DUBAI, April 23 (Reuters) - Saudi stocks rose to the highest level in more than two years as optimism over increased foreign inflow and strong earnings sustained positive investor sentiment for the Gulf’s biggest market. Latest exchange data showed foreigners bought a record $384 million of Saudi Arabian stocks on a net basis last week, showing sustained international interest in the market. The Tadawul index rose above 8300 points, the highest level since August 17, 2015. Bank AlJazira was up 5.3 percent after Bahrain’s Ahli United Bank said it acquired a 7.3 percent stake in the Saudi Islamic lender. Saudi Telecom rose 0.9 percent after it reported a first quarter profit of 2.59 billion Saudi riyals ($691 million), versus 2.53 billion riyals last year, broadly in line with analysts’ forecasts. Saudi’s Mobily jumped 3.8 percent after it narrowed its first quarter loss to 93 million riyals versus a loss of 163 million a year ago. Dubai stocks underperformed at the opening bell on Monday on weak investor confidence, as companies were seen to be restrictive with dividends. The Dubai Financial Market General Index was down 0.4 percent to 3066.45. “Investors’ confidence is very weak which is understandable due to several factors, like inconsistent dividend policies, sizeable losses of several listed companies,” said Tariq Qaqish, managing director of the asset management division at Mena Corp.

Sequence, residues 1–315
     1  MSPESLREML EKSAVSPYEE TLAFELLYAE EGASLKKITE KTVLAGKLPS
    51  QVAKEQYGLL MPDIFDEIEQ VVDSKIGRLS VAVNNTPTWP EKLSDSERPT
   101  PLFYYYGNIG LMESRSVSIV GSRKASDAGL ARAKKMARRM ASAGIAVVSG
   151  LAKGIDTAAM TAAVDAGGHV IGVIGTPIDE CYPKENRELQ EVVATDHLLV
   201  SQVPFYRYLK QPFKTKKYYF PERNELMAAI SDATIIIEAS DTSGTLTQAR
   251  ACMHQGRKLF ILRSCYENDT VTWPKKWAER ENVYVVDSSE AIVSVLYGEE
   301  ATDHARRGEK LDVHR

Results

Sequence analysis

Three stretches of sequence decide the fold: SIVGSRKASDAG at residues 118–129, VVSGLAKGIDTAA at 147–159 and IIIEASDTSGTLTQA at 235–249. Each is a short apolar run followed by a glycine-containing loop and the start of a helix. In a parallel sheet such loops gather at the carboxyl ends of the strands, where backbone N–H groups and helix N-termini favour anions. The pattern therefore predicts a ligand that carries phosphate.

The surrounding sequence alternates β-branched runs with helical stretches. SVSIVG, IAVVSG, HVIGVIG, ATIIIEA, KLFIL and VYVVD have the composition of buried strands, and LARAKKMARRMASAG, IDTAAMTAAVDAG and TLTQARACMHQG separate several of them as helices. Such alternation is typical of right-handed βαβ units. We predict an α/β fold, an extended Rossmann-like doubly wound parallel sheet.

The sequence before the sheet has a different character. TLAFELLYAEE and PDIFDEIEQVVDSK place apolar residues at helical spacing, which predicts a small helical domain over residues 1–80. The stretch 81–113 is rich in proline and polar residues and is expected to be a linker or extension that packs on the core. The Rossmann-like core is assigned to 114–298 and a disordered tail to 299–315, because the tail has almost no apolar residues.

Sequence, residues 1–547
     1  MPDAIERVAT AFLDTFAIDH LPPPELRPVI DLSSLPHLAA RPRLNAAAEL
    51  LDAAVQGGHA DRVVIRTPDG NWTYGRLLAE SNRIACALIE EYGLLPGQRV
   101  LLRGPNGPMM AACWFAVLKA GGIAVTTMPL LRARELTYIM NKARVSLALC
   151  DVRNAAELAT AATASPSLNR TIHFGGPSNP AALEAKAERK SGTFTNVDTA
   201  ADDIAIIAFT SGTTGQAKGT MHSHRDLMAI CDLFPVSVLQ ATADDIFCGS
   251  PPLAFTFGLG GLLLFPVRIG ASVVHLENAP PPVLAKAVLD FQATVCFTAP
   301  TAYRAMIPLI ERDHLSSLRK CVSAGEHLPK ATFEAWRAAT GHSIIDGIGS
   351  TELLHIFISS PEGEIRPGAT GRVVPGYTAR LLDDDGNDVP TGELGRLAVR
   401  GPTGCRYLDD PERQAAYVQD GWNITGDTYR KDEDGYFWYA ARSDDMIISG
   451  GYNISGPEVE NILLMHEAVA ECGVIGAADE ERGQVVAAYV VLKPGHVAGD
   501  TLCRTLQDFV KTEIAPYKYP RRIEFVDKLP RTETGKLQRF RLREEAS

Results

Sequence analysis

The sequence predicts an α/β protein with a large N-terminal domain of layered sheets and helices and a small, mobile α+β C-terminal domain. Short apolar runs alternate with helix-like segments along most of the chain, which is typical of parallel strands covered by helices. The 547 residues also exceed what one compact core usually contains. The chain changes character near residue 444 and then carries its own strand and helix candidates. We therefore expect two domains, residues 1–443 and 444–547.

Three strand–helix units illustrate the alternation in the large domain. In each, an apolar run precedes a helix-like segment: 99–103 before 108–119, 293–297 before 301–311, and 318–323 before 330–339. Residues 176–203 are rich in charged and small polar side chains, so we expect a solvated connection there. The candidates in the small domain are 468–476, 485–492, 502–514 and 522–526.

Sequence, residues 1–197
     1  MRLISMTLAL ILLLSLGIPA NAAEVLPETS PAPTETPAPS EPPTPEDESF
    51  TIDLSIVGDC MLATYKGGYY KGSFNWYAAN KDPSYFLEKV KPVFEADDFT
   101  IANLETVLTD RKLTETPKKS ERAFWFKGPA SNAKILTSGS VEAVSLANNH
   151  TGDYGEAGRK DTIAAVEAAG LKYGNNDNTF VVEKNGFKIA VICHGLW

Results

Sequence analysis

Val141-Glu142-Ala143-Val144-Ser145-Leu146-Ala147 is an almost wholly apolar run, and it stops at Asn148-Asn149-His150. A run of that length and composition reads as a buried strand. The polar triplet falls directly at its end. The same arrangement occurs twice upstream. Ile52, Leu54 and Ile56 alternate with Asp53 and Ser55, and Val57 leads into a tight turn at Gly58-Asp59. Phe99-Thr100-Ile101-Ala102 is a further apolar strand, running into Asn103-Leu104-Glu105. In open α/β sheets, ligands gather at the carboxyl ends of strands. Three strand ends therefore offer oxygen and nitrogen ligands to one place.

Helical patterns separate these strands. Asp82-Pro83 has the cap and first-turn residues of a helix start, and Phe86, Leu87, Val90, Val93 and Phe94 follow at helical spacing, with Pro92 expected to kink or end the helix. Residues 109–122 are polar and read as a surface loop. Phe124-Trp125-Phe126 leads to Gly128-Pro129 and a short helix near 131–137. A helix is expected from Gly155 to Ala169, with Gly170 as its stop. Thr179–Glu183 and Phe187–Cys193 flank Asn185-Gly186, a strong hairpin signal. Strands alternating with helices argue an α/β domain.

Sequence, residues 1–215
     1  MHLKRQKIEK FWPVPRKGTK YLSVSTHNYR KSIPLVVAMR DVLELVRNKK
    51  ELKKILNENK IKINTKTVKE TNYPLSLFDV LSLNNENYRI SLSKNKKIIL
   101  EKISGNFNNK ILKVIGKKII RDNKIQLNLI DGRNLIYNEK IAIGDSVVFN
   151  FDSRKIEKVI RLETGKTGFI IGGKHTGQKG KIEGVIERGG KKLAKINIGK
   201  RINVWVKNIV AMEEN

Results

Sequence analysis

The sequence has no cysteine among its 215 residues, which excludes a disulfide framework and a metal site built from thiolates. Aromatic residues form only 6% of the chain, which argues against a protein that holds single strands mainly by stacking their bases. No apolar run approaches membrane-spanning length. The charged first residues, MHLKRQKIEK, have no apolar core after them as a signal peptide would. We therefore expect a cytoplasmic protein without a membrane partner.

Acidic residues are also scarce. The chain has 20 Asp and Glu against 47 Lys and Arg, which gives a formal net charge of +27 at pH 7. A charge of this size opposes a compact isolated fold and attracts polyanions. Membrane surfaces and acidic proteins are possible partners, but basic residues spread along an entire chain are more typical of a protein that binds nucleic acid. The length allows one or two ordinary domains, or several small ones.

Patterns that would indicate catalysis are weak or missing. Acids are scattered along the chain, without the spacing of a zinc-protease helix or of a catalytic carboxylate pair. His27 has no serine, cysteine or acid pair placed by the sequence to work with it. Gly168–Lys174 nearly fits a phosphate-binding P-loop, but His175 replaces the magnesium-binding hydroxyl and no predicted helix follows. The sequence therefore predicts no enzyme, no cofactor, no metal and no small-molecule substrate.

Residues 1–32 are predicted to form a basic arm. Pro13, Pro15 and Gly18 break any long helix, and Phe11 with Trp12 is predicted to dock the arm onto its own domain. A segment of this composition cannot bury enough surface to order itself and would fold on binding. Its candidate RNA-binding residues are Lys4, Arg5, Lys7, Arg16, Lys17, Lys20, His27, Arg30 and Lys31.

“A lack of liquidity accompanied by several capital increases of listed companies,” said Qaqish.
DAMAC Properties, a real estate firm, was down 6.4 percent after the company lowered cash distribution from 25 fils to 15 fils on Sunday.
Amanat Holdings, a healthcare and education investment firm, was down 2.1 percent even after the company agreed on Sunday to a shareholders’ request to increase its proposed dividend.
Abu Dhabi’s index was up 0.3 percent, led by First Abu Dhabi Bank which took up the bulk of trading on the market. The lender, which has yet to report first quarter results, was up 1.6 percent. ($1 = 3.6726 UAE dirham) ($1 = 3.7502 riyals) (Reporting by Hadeel Al Sayegh Editing by Saeed Azhar and Peter Graff)